Tesla has started an avalanche, there is no question. Or perhaps it's the supply chain issues clearing up and companies being able to acquire parts in a more cost-efficient matter. Either way, the end result is price cuts all around and more affordable EVs so yay for that!
The latest company to join the price cutting party is Neta. It tried to stay out of it for a while, but after Tesla’s sales numbers from January were published, every competitor realized that Tesla is about to pull away.
Rather than offer straight price cuts, Neta gives its potential customers a cash value incentive. Simply put, if you put a deposit down of at least RMB 5,000 the company will treat it as a RMB 20,000 once the car is ordered and paid for. That’s nearly a $3,000 discount at current exchange rates.
The promotion currently is only valid until the end of February and two of its most expensive versions of Neta S are unfortunately excluded.
Neta S is both available as battery EV or range extender EV, the latter has a claimed range of 1,100 km. The battery powered EV has 455 hp and 620 Nm of torque and all that goes through all four wheels. The resulting acceleration from 0 to 100 km/h is rather spritely at less than 4 seconds and the quoted range of 400 miles sounds optimistic.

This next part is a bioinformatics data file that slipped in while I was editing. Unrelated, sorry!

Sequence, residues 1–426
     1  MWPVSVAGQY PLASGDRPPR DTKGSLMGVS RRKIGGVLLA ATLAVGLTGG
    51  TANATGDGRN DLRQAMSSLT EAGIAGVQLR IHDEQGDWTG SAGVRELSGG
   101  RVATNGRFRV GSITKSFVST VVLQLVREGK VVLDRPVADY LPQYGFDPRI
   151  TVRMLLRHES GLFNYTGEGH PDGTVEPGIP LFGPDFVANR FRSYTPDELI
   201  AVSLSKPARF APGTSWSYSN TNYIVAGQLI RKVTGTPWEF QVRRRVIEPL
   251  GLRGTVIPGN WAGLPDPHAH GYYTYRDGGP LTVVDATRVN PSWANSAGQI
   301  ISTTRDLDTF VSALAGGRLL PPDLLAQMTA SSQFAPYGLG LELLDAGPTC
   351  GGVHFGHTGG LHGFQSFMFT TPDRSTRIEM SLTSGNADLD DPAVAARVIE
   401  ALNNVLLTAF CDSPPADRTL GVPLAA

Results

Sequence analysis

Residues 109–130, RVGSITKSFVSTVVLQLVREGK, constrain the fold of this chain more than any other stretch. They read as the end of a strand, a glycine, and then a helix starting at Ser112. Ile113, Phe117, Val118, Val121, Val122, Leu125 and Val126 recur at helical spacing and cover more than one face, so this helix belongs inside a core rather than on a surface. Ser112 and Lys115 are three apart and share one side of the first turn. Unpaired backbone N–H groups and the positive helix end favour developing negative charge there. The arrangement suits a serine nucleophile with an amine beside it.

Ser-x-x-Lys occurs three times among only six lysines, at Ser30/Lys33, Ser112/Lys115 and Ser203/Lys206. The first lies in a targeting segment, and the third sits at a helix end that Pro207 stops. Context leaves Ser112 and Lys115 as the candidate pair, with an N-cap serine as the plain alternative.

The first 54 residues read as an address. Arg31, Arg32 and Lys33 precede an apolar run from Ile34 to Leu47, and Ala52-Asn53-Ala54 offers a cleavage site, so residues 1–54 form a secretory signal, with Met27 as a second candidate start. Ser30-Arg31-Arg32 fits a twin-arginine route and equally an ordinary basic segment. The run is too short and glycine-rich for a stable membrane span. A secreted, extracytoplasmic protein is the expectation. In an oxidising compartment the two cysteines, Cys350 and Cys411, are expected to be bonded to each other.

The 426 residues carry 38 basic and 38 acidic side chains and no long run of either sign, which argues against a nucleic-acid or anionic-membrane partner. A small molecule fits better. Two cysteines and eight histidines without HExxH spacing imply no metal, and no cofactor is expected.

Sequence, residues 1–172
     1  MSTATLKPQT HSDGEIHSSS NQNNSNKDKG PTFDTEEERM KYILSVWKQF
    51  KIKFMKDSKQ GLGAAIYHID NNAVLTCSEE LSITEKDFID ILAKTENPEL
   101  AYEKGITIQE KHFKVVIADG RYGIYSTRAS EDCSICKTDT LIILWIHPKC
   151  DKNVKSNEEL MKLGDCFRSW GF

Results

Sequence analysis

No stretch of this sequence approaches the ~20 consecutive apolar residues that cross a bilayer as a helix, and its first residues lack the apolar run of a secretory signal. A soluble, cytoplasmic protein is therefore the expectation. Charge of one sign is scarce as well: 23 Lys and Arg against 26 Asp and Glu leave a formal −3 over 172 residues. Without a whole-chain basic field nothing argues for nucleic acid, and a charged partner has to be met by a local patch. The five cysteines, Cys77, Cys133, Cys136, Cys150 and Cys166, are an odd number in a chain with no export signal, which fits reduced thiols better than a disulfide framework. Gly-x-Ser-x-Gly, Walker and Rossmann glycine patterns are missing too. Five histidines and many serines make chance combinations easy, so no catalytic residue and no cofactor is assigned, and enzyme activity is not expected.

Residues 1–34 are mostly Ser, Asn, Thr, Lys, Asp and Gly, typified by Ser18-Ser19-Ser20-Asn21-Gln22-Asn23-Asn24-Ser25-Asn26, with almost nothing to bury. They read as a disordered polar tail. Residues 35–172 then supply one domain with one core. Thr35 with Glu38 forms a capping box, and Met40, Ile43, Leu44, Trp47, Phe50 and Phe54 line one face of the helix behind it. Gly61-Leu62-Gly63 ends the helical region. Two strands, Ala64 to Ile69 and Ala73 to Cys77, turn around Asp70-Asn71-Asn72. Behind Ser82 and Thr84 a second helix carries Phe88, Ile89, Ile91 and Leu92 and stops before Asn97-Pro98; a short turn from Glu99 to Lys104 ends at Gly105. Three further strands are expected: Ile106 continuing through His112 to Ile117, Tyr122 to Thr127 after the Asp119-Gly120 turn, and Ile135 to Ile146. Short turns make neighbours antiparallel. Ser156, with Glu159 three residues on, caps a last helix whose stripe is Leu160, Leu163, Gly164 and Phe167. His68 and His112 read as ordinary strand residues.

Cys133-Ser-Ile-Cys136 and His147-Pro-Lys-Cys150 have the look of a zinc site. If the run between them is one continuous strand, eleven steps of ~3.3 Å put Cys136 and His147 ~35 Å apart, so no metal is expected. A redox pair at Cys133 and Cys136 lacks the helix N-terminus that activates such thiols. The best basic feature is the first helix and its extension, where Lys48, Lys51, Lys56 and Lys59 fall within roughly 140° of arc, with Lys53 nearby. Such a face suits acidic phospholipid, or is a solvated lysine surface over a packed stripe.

The Neta S starts at just under $30,000 and goes up to $50,000 for its most expensive version. The current cash value incentive means the cheapest Neta S can be had for $27,000 and that is a lot of car for not a lot of money.Neta E
Tesla has started a race that really has no clear winners. In a short term the buyers will benefit for sure but the sting in the tail is the residual value. Some used Tesla owners reported losing as much as $18,000 in a space of a few days and while it hurts, it is good to see the prices coming down.
Will the prices stay low? Sure, Tesla has plenty of profit margin to play around with its prices and in all honesty, it can afford it for a very long time. It almost feels like Elon Musk wants his company to honor his long standing promises of affordable electric cars. As long as this change remains permanent and it’s not going to turn into a seesaw, it will be a welcome development. As always - time will tell.
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